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Parrots and Crows Show their Inventive Side WWW.GOODNEWS.WS

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Uploaded on Jun 15, 2011

http://goodnews.ws/

A team of researchers from the Universities of Oxford and Vienna have tested the technical skills and innovation abilities of two of the most intelligent birds known, kea parrots and New Caledonian crows.
New Caledonian crows regularly use and manufacture complex tools in the wild to extract food, feats that they repeat in the laboratory. Kea parrots, although not natural tool users, are known for their inquisitiveness, and have recently shown in captivity the ability to use compact objects as tools. Comparing the problem-solving performance of these two very special animals is helping to reveal how the evolution of differences in intelligence depends on the ecology of each species. Dr Alice Auersperg, who led the study, said: 'We confronted members of both species with a 'Multi Access Box' in which a food reward could be acquired by applying one of four different methods: pulling a string tied around the reward, opening a window by pulling a hook-shaped lever, inserting marbles into a curved pathway so that they rolled down and knocked the food reward out of place, or inserting a stick-like tool into the side of the box to poke the food out.'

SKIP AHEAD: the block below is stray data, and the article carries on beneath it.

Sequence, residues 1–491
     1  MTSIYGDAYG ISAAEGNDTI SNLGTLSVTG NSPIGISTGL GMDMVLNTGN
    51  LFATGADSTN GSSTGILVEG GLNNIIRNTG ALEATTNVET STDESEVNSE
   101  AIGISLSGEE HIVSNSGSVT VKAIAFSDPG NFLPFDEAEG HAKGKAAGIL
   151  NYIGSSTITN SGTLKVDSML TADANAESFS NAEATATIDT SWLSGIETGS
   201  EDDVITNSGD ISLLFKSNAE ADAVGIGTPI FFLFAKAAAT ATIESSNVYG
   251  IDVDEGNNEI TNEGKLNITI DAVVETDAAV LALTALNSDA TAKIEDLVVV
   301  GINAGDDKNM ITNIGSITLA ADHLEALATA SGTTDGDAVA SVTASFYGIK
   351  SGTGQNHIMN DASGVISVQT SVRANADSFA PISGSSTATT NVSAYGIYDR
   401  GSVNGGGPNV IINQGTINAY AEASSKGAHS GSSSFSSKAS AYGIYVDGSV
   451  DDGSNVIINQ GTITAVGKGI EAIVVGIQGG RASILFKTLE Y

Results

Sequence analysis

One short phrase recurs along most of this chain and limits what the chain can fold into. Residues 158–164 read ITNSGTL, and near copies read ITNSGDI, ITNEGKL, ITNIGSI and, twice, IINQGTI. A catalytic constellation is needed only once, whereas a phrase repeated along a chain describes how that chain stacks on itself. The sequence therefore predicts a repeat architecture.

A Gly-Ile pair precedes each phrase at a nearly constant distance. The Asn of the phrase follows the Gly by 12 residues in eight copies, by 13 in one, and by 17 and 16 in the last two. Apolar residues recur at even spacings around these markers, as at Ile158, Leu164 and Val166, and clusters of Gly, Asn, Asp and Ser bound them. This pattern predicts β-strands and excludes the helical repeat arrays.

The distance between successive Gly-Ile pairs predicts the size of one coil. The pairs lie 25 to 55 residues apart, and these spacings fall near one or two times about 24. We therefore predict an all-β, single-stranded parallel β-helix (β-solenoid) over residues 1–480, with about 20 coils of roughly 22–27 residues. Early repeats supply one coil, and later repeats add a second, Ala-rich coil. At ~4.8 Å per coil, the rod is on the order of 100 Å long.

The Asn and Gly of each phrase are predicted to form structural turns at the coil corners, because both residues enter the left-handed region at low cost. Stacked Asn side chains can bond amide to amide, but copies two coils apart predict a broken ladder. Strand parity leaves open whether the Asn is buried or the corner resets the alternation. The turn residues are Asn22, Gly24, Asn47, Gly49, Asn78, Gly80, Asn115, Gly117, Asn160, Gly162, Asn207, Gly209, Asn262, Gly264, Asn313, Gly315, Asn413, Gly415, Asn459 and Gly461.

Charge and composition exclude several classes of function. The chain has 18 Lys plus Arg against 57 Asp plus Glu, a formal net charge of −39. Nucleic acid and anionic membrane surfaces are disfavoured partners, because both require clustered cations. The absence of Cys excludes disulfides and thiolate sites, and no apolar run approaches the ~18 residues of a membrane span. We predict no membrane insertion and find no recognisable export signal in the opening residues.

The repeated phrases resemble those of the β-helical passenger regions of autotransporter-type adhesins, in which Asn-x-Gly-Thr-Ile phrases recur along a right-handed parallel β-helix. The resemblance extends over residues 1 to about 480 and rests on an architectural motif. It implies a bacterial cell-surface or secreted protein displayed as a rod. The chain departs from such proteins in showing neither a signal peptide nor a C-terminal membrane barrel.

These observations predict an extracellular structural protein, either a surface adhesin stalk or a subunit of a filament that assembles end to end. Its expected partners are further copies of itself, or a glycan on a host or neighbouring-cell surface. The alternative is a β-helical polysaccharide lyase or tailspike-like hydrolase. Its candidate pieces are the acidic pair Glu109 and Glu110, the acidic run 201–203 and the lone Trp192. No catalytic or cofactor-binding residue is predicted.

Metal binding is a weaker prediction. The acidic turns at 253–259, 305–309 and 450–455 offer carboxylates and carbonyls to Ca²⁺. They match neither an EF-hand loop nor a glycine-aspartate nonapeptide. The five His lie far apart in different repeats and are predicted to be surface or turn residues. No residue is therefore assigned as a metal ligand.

She adds: 'Our aim was to examine the birds' performance in a battery of different tasks. We allowed them to choose which task to tackle first, and once they were proficient with it, we blocked it to see how long and in which way they proceeded to the next solution.' Six kea and five New Caledonian crows participated in the study, but only one of each, called Kermit (a parrot) and Uek (a crow) respectively, mastered all four tasks. For the kea the most difficult task was using a stick as a tool. This is not surprising, since kea do not do this in the wild, but, as Dr Auersperg explains, technical understanding was not their only obstacle: 'The kea's curved beak makes it impossible for them to hold a stick aligned with the head. Kermit overcame this constraint by developing a complex technique, involving several steps: he first held one end of the stick against the box opening, holding it laterally inside its beak. Thereafter he exchanged his beak with his foot, still pressing the tool's end against the opening. Finally, he grabbed the other tool end with his beak and pushed the tool through the opening, manoeuvring it until the stick's tip hit the reward. Kermit's behaviour gave a strong impression of acting towards a purpose'. The most difficult task for New Caledonian crows was instead opening the window by pulling a hook.
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http://goodnews.ws/blog/2011/06/15/pa...

Parrots and Crows Show their Inventive Side WWW.GOODNEWS.WS

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